Last week, Julia’s inclusion facilitator (a post previously called “case manager” and hereafter IF) told me that Julia was not put on the bus list in error and if it was possible for me to drive her for the week, she would get the bus this second week of school. I agreed, jotting down the bus as a topic of conversation for our meeting this week. Sunday evening, the bus service called me to tell me when Julia would be picked up on Monday. This morning the bus was early and so tooted its horn for us. I went to the door and Julia was out a few minutes later. I talked to the driver who actually seemed to know the the time quoted to me was too late and that they were still making adjustments. She apologized that I did not get phone call before this morning about changes. I feel like I’m living in some utopian bizarro world! In Madison (I’m not going to repeat the bus saga, the sped bus never tooted its horns if Julia was not waiting for it. A bus pulled up to our house, waited a few minutes and then left. There were a few times when I complained the bus never showed up and the dispatcher said that the bus was there, waited and left. If the bus was early, especially in the early days of ninth grade, it could have escaped our notice. So, this little curtesy, a tooting of the horn seems like a miracle to me. Continue reading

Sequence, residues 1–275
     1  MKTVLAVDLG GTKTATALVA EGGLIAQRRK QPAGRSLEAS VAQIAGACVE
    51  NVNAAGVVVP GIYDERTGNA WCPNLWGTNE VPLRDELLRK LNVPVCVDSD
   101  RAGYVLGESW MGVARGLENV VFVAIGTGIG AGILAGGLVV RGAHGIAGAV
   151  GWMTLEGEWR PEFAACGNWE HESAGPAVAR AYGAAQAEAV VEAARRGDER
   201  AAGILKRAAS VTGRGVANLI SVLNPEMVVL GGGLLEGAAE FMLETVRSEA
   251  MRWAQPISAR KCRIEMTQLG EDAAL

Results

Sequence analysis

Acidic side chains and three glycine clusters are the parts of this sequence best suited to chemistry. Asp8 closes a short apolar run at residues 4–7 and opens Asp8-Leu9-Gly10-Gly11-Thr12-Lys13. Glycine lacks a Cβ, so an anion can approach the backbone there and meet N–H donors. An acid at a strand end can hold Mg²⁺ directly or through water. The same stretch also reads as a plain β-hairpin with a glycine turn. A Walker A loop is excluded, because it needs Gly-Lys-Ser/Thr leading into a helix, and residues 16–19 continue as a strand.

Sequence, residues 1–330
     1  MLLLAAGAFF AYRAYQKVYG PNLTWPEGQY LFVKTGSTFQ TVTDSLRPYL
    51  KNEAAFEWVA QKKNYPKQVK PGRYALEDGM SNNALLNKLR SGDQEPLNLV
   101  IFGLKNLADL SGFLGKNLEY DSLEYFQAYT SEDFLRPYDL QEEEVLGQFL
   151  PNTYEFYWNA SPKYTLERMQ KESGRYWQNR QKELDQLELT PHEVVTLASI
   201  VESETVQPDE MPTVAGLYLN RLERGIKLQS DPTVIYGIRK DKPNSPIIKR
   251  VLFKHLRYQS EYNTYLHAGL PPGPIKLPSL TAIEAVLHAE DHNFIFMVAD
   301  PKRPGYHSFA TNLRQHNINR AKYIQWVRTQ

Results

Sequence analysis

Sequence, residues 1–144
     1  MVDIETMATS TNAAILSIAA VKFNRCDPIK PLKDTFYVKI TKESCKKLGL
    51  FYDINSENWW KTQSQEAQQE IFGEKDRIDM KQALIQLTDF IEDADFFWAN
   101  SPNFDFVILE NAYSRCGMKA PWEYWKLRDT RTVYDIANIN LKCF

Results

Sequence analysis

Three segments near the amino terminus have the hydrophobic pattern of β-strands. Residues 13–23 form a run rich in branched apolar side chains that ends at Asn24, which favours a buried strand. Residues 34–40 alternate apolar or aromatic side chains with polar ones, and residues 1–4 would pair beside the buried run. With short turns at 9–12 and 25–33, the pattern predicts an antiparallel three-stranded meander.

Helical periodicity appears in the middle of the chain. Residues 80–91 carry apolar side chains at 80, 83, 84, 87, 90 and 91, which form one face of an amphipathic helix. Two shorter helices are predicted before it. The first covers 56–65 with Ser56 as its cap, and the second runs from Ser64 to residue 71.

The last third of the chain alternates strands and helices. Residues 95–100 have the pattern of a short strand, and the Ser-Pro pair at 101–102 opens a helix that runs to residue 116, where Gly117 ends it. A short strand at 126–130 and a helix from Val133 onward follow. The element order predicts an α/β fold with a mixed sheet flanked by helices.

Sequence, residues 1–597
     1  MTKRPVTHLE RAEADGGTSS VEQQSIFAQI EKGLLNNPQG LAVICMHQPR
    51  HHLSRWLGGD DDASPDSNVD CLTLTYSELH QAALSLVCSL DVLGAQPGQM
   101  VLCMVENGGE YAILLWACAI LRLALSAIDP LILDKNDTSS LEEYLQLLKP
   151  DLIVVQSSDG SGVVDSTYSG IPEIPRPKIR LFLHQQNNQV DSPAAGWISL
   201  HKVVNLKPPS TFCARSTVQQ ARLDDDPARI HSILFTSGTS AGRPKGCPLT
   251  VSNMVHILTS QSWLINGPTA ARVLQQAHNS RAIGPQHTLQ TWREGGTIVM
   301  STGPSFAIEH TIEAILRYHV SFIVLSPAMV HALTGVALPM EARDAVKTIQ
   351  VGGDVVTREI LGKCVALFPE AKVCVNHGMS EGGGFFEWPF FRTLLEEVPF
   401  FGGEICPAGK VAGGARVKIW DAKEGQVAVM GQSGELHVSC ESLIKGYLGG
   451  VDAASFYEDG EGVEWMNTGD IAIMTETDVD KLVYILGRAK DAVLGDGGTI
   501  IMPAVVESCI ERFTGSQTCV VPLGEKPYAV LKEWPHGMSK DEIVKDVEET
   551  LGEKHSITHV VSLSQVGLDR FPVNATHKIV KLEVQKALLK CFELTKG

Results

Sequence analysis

Sunday, second day of the Framingham PopCult Anime Con.
Spiky green hair or extraordinarily long pink hair, intricate foam weapons, knee high boots with lifts, tails and long gray gloves, short skirted Japanese school girl uniforms, maids and sword carrying warriors stalk the hotel halls. There are a few other functions going on in the hotel. Did the family reunion in the Concord Room know they would be running into imaginary adventurers?
Julia’s passion for My Hero Academia is completely in line with the many, many con attendees who are dressed as Hero characters or sporting identifiable tee shirts. Lots of bought costumes and some more original hand made ones are on display. A beautiful looking Howl from Howl’s Moving Castle won best costume of the con. The character, Howl, is male; I am not sure of the con’s Howl. The gender of many bewigged attendees is a complete mystery and after awhile I stop guessing. So many of the anime characters could be either or both depending on the adventure, the plot line, or the preference of the composer. Boys in skirts and make up; girls as male warrior characters. Julia has gone from rigid identifications of gender when she entered high school to the ability to accept the fluidity of this gathering. She declares that she wants to cross-dress but either I don’t understand exactly what she means or she doesn’t understand the concept. She still wants to wear dresses and skirts all the time. Now, how is that cross dressing? Continue reading
Curiosity. Perhaps that is the theme for the month, maybe the year.
In Mare Chapman‘s class last fall, (wonderful teacher, by the way) a discussion about feeling ‘less than’ led me to tell the story of my brother challenging my ability to do a task because I was a woman. One of my classmates asked what I would say to my brother today if he said the same thing to me today and I was silent. When I admitted that I had no idea what to say, she offered, “I’d ask, ‘Why would you think that?’” Her answer/question stunned me because it was so simple and yet, so far from my grasp.